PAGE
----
Thursday, January 6, 2011

Fun with a microscope camera

You can tell kids that plants are alive, and they nod and write it down in their notebooks, then get on with their lives. Their notebooks reflect what the system tells them, not what they believe.

You can show pictures of chloroplasts, and they nod and draw them in their notebooks, then get on with their lives. There's no reason to invest a whole lot of thought in plants.

Or you can project the cytoplasmic streaming of an elodea leaf, sitting on a microscope on your desk.

"That's a video, right...?"
No, that's what's happening under that microscope

"That's the leaf? You mean, like, it's alive?"

To a child (or most adults), if it doesn't move, it's not alive.
And on some days, even this cranky old biology teacher feels the same way.

Their faces lit up as though they were watching fireworks.

We had the added bonus of seeing the chloroplasts change shape as they muddled through the cell. Watching the chloroplasts scrunch up as they hit the corner of a cell wall, bending like the water balloons they are, shows just how squiggly membranes are.

Seeing the chloroplasts live makes it real.

Not sure anybody wrote anything in their notebooks about what they saw--no need to. It's part of their lives.

The video was posted by on YouTube by pphotoex. His (her?) blog is in Japanese.

I am going to set the microscope camera out every day now --
I'm smacking myself on the head.
Such a simple idea, with a huge return.


Sue VanHattum said...

There's the technology that belongs in the classroom! Lovely.

doyle said...

Dear Sue,

So true! It took this Luddite over an hour to get it going, exchanging the camera, and when that didn't work, opening up a brand new DVD/VCR player.

That didn't work, either.

Reading the directions and finding a loose cable, though, worked like a charm!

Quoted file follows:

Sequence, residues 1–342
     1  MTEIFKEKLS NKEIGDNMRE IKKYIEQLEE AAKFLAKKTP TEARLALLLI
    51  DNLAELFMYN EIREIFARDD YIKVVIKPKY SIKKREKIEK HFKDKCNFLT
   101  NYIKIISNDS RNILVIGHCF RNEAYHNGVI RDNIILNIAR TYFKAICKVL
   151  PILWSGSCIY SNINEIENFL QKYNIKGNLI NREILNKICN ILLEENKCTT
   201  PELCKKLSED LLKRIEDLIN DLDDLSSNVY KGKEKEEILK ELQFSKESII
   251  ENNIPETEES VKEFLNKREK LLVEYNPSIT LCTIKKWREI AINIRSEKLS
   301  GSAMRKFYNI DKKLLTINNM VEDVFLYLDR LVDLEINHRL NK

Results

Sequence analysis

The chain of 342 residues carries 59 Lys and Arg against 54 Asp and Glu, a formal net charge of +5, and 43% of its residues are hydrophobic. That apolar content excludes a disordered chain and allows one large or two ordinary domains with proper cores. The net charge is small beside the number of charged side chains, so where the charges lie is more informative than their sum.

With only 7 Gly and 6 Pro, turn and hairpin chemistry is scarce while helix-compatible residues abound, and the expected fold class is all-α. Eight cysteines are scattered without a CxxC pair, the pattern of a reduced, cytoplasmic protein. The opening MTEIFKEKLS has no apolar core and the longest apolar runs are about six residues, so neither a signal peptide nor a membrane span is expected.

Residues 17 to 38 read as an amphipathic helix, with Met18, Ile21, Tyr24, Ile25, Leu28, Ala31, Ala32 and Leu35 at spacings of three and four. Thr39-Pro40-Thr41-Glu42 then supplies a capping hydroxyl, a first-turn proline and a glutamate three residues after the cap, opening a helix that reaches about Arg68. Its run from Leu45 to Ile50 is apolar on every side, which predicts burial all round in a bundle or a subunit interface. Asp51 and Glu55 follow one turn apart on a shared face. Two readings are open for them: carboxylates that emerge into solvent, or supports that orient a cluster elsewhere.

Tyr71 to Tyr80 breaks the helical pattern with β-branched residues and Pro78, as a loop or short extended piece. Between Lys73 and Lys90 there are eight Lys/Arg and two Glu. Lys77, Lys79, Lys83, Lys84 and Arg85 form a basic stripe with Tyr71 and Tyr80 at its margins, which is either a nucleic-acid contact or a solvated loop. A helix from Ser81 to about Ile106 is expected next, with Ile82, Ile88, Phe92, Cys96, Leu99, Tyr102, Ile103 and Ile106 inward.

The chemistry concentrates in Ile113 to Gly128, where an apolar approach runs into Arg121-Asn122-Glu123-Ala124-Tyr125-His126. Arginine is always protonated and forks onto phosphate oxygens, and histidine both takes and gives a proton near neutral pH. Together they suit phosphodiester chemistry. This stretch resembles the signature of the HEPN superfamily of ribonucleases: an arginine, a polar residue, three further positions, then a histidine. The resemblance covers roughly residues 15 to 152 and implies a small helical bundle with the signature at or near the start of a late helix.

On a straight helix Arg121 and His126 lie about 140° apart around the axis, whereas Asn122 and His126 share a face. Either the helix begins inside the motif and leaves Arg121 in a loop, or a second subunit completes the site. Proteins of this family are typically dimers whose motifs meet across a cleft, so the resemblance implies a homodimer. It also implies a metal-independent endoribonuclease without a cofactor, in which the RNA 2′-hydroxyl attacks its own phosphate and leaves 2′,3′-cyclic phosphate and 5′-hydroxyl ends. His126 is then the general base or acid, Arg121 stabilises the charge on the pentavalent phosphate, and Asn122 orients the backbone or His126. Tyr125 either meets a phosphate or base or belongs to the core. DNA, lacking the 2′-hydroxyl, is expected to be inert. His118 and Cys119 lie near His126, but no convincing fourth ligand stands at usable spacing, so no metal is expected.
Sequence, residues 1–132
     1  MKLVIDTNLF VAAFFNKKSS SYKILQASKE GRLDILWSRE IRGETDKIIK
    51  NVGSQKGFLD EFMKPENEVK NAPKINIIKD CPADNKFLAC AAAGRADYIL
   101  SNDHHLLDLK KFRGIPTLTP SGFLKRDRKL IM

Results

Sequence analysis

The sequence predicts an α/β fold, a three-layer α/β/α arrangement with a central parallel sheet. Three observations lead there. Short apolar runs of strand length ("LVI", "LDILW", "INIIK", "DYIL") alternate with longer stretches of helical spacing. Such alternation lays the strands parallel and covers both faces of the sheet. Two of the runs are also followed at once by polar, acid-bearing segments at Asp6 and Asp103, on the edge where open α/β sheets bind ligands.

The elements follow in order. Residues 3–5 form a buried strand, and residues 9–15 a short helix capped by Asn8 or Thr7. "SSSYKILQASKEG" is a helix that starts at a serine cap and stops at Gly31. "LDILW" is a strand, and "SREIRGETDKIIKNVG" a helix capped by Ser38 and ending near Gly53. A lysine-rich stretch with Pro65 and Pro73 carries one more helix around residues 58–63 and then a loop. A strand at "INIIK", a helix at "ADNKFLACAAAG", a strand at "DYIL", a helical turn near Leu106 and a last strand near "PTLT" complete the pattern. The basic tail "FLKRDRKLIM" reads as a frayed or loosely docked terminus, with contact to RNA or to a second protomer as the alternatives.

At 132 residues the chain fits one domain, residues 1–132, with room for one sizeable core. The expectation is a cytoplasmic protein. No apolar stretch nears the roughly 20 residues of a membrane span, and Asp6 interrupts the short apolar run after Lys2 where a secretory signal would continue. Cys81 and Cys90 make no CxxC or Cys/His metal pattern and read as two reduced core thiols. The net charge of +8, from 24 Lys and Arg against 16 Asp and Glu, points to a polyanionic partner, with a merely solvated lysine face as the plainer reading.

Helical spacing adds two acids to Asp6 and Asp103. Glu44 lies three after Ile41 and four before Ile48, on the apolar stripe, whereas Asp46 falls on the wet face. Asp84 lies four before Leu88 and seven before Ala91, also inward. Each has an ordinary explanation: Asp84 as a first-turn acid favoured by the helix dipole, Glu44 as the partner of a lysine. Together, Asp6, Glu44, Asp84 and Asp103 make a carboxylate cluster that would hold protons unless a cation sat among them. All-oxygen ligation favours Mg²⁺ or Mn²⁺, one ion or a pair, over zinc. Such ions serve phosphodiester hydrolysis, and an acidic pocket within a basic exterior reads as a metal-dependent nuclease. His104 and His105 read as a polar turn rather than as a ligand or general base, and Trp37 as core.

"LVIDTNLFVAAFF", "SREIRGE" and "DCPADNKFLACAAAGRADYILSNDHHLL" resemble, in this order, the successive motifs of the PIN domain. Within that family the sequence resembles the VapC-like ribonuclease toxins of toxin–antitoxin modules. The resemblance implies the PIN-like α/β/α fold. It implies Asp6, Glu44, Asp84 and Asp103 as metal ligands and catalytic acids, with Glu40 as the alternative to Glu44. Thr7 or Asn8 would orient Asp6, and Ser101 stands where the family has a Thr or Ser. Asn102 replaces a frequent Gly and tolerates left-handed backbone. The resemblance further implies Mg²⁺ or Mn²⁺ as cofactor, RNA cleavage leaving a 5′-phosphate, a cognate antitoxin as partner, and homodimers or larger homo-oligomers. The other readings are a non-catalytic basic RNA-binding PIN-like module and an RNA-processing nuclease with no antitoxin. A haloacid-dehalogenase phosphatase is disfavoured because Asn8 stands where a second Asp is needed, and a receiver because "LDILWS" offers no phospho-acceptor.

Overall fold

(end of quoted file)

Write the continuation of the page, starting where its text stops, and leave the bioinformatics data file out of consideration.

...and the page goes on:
I am wondering if teaching children the finer points of using microscopes makes any sense. I'm available at all kinds of hours to teach anyone who has an interest in it (and a few always do), but the ones who are interested hardly need to be taught. They figure it out.

The camera is a nice compromise--the kids can see the specimen on the stage, they can look directly into the scope if they'd like, and the set-up makes the whole thing more real, because, well, it is real.

Dina said...

Love it, love it, love it.

doyle said...

Dear Dina,

I've been ruminating on your post on Technology, Place, and Teaching for some time now--I keep not responding because I am having a difficult time trying to grasp even a sliver of light on what the globalists see.

Crudely reduced, I think some of us live in a finite world defined by cycles, others live in an infinite world where anything is possible.

I fall in the mortal camp--your words here mean a whole lot to those of us who feel like we're yipping at an electronic, abstract, all-too-human ocean of giddiness.

Rachel said...

That is SO COOL. Wish I'd seen something like that when I was in school, maybe I'd have gotten into biology more!